For 14-year-old Belle and her family, the month of September now holds a special meaning.
September is Childhood Cancer Awareness Month. Every September, advocacy organizations, healthcare institutions, patients and families honor and raise awareness for kids fighting childhood cancer.
“This month reminds us to be thankful for the amazing support of our family, friends and community, as well as all of the doctors and medical staff who have dedicated their life’s work to help cure and support kids battling cancer,” says Trish, Belle’s mom.
Belle was diagnosed just four months ago with Neuroblastoma, a type of cancer that starts in early nerve cells called neuroblasts. Normally, these immature cells grow into working nerve cells. But in neuroblastoma, they grow uncontrollably and become cancer cells that form a solid tumor.
Though her cancer journey is ongoing, Belle — along with mom Trish, dad Briklyn and brother Hudson — is taking it one day at a time. Thanks to the expert care and compassion from CHOC, each day is bringing new moments of joy to Belle’s family, even during a difficult medical journey.
Back pain leads to cancer diagnosis
Belle’s cancer journey began when she started feeling mild back pain. A week later, it had become so so intense that Belle would wake up in the middle of the night crying. Concerned, Trish and Briklyn took Belle to an orthopedic doctor but were quickly sent to the Julia and George Argyros Emergency Department at CHOC Hospital in Orange.
After an MRI, it was discovered Belle had two masses — one on her neck and one on her spine. They rushed her into emergency surgery at midnight to remove the mass from her spine as it was pressing on her spinal cord.
Throughout her treatment, Belle has needed nine blood transfusions and counting, due to her counts of hemoglobin (a protein in red blood cells that carries oxygen) falling after chemotherapy treatments. She has a rare blood type and depends on donations from CHOC’s blood bank to help her feel better.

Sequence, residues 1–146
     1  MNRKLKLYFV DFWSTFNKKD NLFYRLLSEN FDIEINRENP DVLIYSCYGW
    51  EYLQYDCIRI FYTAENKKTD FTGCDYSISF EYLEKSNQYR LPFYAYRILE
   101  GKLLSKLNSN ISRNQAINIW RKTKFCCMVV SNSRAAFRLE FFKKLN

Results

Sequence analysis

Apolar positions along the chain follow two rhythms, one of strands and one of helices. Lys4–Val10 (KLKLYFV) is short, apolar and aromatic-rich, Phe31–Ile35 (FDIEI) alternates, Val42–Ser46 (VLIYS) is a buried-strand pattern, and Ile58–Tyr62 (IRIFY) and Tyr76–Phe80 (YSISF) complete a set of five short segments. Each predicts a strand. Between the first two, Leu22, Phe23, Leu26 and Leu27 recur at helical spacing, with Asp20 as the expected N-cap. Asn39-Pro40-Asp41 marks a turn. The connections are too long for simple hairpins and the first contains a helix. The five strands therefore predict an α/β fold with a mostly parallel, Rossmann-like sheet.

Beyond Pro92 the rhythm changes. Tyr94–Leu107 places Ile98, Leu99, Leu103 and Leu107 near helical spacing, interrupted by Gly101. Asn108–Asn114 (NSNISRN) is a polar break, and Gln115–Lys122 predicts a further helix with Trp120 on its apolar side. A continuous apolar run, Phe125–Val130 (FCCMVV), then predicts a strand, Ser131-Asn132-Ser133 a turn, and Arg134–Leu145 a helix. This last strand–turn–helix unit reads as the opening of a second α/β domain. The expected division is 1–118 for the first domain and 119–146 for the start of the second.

“It’s touching to see pints of blood with a yellow donor tag showing that someone had come and donated blood specifically for Belle,” says Trish. “It is equally touching to see donations without the yellow tag knowing complete strangers donate blood for kids that they don’t know.”
CHOC offers support and distraction during a difficult time
During her outpatient visits for blood transfusions and inpatient hospital stays, CHOC quickly became a home away from home for Belle and her family.
The doctors, nurses, child life specialists and entire CHOC staff soon became like family to Belle. She became especially close with one of CHOC’s four-legged family members, Lois the resident dog.
“It wouldn’t be uncommon for the CHOC staff to be hanging out with Belle in her room chatting away about life just like Belle would be doing with her friends at home,” says Trish.
Belle is also able to participate in tons of fun programs and activities through the Cherese Mari Laulhere Child Life Program. The child life department at CHOC strives to normalize the hospital environment for patients and families.
Belle’s favorite activity is playing bingo at Seacrest Studios. She even hosts bingo games that are broadcast to all the patient rooms throughout the hospital.
“When you are at CHOC, you never know what each day will bring. One day you might meet Ryan Seacrest and the next you’re having pizza and a movie night,” says Briklyn. “It really does help when the kids get to have fun while they are going through such a difficult health experience.”
‘Life turned upside down’
Even with all the fun, Belle’s journey has had its fair share of challenges.